Directional policy structures
Directional Policy Structures
Focusing on the full range of innovations needed to transition to the ‘sustainable golden age’

Of course, it can’t be ignored that today we are grappling with diverse forms of ‘fall-out’ resulting from the externalizing of the true cost of many of the 20th Century’s technological innovations. Despite this, or perhaps because of this, economists like Carlotta Perez and Mariana Mazzucato argue we are now at the cusp of another transition, towards a potential ‘sustainable golden age’ in which global ‘smart, green and fair growth’ could prevail.

If this potential is to be realised, attention must be directed toward fostering, enabling, and sustaining the web of interdependent innovations — civic, social, public, technological — that history shows is required to catalyse truly transformative transitions. In addition, a clear integration with considerations of ecological ceilings and social foundations — as so eloquently captured by Kate Raworth (2017) in her ‘Doughnut Economics’ depiction of interdependencies — will also be central to achieving the balance between ‘green’ and ‘fair’ aspirations.

However, once again the discourse is dominated by a ‘technology as driving force’ narrative. So — how do we move beyond this kind of technological determinism to a focus on the full range of innovations needed to affect the scale of transition required? Many of these innovations can already be found around the world, but lack the kinds of incentivizing stimulants directed at technological innovations. How do we improve our understandings of what it takes for a diversity of innovations to establish and thrive? And how do we reposition critical 20th Century innovations, like the welfare state, to better meet 21st Century needs and contexts?

In this addition to our Visualising Change blog series, we aim to contribute to reframing the technologically-dominated discourse and to start to draw out what practical innovations across the different domains could look like. To this end, in the figure below, we combine Perez’s mutually reinforcing domains of innovation with Raworth’s Doughnut, and add some initial thinking around the institutional territories where the establishment of directional goals designed to foster, establish and sustain multi-faceted innovations would contribute to generating the enabling conditions for a ‘sustainable golden age’.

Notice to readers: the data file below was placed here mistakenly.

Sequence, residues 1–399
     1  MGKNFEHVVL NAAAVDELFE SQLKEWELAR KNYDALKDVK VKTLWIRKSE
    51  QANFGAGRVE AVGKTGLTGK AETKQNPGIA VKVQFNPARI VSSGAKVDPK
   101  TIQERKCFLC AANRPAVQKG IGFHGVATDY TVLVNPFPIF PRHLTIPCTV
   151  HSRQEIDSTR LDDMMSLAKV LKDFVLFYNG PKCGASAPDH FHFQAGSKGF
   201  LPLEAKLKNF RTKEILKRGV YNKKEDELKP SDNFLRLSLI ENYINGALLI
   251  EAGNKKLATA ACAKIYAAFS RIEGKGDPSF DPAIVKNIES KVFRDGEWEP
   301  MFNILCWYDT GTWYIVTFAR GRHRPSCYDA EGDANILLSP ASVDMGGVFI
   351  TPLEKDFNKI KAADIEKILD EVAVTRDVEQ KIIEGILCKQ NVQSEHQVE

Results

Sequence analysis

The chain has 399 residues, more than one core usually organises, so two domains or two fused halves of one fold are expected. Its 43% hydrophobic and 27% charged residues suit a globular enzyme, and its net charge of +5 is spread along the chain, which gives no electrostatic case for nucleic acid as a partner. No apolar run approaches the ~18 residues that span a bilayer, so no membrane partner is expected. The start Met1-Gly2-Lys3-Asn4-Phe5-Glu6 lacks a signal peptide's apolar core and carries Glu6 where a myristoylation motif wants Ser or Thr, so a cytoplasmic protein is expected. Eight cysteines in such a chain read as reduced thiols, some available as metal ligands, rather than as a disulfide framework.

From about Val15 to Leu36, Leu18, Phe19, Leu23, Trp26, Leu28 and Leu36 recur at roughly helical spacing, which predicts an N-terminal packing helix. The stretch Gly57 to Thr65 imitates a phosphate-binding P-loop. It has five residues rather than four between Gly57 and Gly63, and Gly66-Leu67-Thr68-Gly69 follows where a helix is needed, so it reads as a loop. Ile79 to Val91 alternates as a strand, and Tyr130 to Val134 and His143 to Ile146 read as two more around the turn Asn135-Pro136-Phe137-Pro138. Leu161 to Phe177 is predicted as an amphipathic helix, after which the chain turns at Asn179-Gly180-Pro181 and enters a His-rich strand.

Ecological Ceiling
Ecological Ceiling

First published in Y Impact a blog from The Yunus Centre at Griffith University exists to equip people with the know-how to navigate change and create positive societal impact.


Professor Ingrid Burkett

Professor Ingrid Burkett is a social designer, designing processes, products and knowledge that deepen social impact and facilitate social innovation. She has contributed to the design of policy and processes in a diversity of fields, including community development, local economic development, disability, procurement and social investment.

Ingrid is Co-Director of The Yunus Centre at Griffith University

Follow Ingrid on Twitter

Dr Joanne McNeil

Since 2000, Associate Professor Joanne McNeill has worked within and through large institutional actors to design and implement different kinds of change programs focused on improving real-world impact. Her key expertise is working at the boundaries or interfaces between actors, with a particular focus on capability building and enabling ecosystems to support social innovation and alternative economic organising activity. For almost a decade, she has been performing this work primarily through action research initiatives, across a diverse range of impact economy settings. Joanne is also a Founding Director of the Community Economies Institute and a Churchill Fellow (2008).

Share on facebook
Share on twitter
Share on linkedin

You might also like